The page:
Japanese press gets closest aerial footage of Fukushima Daiichi in nearly a year – Enformable

Japanese press gets closest aerial footage of Fukushima Daiichi in nearly a year

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The Fukushima Daiichi site is still a harsh reminder of the disaster that has been unfolding over the last year, everything on site appears broken, shattered, and scattered. Japanese press shot footage around 4 kilometers from the plant at an altitude of some 700 meters on Sunday  for the first time , the highest reported radiation levels by the pilots in the cabin was  1.4 micro sievert per hour.

On the west side of Unit 4 approximately 1,000 blue and gray storage tanks installed after the accident are installed to store contaminated water.

There are at least a dozen nuclear ghost towns and villages around the Fukushima Daiichi complex where time seems to have stood still, there are no inhabitants within visibility,  there are still no specific standards on radiation levels for the designation of no-fly zones, and estimates show that decontamination work will also have to remove enough radioactive soil to fill 23 baseball stadiums.


From the air, NHK confirmed that the No. 3 reactor building is bent and squashed, and could identify the exposed steel containment structure, which appeared distorted by a hydrogen explosion.  The NHK report’s description of the steel structure  illustrates just how powerful the explosion was, in that it deformed steel so far away from the containment, and through so much free volume of air.

Workers in white and yellow protective gear were seen walking on the upper operating floors of the Reactor 4 building.  At a port used by the plant, some 10 workers wearing white protective suits were on a crane vessel working to cover the seabed with cement to block radioactive substances from spreading offshore.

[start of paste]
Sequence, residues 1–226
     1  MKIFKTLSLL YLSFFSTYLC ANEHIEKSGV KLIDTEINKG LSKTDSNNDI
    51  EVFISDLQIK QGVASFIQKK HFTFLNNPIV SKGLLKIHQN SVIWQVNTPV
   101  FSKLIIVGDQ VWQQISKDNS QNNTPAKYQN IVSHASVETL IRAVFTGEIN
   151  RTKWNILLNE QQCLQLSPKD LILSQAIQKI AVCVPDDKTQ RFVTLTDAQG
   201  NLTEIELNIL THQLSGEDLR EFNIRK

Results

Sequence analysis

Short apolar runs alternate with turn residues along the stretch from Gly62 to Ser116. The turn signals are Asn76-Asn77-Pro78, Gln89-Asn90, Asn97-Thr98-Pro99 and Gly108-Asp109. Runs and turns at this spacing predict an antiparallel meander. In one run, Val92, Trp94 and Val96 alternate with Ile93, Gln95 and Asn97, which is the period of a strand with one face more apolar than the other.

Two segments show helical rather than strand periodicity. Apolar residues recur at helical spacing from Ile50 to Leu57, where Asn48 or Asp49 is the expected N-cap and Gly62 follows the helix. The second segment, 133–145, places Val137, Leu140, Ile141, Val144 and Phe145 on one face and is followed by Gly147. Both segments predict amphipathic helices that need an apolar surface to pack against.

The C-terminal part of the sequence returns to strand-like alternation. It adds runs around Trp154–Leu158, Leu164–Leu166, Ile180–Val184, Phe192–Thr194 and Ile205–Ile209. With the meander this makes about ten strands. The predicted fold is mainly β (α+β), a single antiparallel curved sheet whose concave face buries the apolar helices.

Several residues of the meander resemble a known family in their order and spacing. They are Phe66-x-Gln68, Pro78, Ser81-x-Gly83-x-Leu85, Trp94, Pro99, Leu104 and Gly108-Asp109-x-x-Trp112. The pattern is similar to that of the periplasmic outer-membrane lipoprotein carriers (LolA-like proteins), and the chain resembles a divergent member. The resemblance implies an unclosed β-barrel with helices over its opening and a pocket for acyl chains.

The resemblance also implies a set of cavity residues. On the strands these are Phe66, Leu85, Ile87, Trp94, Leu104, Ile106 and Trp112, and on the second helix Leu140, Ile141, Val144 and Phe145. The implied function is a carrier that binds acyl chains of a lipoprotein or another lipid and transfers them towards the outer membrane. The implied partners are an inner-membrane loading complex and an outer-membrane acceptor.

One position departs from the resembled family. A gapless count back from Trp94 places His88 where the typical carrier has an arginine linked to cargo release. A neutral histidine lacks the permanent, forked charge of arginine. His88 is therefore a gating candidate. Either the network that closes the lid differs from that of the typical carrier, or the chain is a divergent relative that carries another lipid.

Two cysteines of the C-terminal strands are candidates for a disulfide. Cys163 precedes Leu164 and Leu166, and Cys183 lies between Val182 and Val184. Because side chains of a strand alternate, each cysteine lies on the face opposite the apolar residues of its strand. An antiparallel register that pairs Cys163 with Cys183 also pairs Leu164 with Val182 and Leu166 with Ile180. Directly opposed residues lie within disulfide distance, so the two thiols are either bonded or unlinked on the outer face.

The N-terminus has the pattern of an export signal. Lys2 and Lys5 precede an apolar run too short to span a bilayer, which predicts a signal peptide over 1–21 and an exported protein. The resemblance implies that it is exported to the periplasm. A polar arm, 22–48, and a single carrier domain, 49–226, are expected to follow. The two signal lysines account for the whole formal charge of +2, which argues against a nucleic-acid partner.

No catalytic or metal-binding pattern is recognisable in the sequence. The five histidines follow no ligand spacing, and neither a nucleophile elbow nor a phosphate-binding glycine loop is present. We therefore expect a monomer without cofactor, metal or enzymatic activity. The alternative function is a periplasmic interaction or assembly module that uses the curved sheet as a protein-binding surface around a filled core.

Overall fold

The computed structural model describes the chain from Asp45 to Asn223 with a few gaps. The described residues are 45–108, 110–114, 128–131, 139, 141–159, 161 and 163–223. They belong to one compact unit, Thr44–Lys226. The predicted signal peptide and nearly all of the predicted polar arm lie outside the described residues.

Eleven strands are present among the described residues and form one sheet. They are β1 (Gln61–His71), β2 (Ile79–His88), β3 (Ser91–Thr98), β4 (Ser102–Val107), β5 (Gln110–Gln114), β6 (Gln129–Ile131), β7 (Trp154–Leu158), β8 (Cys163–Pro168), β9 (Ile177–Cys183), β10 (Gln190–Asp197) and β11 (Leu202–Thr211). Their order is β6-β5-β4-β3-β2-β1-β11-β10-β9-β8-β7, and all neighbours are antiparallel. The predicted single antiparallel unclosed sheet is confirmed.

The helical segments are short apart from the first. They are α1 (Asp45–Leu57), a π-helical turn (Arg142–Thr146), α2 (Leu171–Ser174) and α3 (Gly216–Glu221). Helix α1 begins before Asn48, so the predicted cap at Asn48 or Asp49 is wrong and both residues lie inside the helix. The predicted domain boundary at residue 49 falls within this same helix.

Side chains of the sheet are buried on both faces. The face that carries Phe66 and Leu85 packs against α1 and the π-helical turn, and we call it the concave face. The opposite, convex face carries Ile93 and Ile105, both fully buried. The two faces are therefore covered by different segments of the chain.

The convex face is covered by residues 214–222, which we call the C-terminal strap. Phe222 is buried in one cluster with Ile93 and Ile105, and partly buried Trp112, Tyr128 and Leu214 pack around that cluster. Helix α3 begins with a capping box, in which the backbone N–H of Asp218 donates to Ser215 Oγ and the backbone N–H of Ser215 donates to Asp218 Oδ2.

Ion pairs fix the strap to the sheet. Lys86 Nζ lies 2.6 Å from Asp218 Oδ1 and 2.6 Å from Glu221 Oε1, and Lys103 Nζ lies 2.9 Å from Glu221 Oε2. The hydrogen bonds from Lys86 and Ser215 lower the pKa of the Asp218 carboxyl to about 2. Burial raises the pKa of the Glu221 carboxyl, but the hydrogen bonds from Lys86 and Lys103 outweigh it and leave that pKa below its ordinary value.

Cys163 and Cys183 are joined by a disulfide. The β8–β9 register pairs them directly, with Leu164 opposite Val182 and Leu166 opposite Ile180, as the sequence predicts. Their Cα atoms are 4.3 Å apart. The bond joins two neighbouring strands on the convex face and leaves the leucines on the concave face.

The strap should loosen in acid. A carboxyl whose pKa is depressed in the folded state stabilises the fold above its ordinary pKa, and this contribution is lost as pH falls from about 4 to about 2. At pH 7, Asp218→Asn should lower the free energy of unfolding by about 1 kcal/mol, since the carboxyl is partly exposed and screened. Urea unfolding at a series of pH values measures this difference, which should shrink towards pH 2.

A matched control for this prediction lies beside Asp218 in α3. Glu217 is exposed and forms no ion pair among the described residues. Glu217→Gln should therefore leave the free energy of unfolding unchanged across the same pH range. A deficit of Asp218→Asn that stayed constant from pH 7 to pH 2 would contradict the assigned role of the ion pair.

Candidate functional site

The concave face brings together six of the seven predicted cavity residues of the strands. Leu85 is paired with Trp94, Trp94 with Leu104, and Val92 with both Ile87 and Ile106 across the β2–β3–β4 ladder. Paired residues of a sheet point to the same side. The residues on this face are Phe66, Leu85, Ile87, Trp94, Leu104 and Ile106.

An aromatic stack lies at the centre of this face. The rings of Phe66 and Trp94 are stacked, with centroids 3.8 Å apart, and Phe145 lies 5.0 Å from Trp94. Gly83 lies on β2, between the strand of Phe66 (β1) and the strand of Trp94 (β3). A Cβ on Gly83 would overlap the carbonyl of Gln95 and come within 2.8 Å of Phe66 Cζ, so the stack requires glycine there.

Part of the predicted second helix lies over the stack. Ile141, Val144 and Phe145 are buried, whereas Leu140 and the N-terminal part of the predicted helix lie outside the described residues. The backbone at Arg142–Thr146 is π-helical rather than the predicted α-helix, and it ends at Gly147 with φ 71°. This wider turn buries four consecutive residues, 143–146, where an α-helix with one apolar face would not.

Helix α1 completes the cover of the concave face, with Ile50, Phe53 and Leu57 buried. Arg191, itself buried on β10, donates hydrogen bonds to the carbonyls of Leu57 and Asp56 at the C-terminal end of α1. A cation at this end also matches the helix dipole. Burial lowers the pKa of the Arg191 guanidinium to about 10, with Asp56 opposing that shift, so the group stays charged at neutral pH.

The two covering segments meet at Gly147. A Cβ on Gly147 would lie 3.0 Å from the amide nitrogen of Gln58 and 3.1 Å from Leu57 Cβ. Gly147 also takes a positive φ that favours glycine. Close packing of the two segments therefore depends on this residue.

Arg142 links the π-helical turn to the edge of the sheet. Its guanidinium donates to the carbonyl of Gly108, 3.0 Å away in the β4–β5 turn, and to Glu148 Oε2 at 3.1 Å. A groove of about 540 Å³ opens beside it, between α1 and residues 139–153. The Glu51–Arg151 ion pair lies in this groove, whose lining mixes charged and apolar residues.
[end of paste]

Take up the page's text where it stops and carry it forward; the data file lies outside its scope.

The land ministry decided to scale back the no-fly zone from the 20-kilometer radius as it calculated that aerial radioactive readings around the plant had dropped to a safe level. The 3-kilometer radius took effect on Saturday.  Iitate is 35 kilometres northwest of Fukushima Dai-ichi, the residents of the village were caught in the path of dangerous winds that carried radioactive particles, including plutonium, much farther than anyone had initially expected, leaving several spots showed radiation levels exceeding those at the Fukushima Daiichi main compound.

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  1. The site wasclosed so hope you get it.
    To remarks Don’t eat that; I put this out there deliberately to wake people up, they are not testing children’s lunches for radiation, whets up with that. The government of Japan wanted to send radioactive food to third world countries, whets up with that. The Japan government does nothing proactive, do improvements after public gets after them, whets up with that. The Japan government increased the allowable back ground radiation that is allowable, this means that the food chain radiation is increased also, whets up with that. The USA, Russia and many more countries advise a 60 mile no man’s land, Japan has set a 18 mile limit, whets up with that. The Japan government has been testing some food but for the most part say it is acceptable level even though other countries receive it and reject it, what’s up with that. So if they eat less radiation hopefully they will live longer, I suspect they are already mixing the food, some people on their own by eating less produce that they suspect high in radiation and eating produce they think is absent or has little radiation. This is a hell of a state these people are in and I hope it will not get any worse. We need to give them all the help we can, I am not pleased with my government Canada as they have refused entry for Japanese people because of Fukushima, it is disgraceful. I hope this clears the air a bit as I agree 100% what you said and hope this will open some eyes as to what’s up over there.

  2. The plant looking terrible. Perhaps Tepco is still trying to get it back to the operation which may never be possible.

    I just stumbled upon this study detailing high altitude radioactive contamination from Fukushima. It uses TEPCO and MEXT emission data to develop dispersion models of the radiation. If the models are correct the concentrations of contamination at upper altitudes are orders of magnitude higher than the concentrations at near ground levels.


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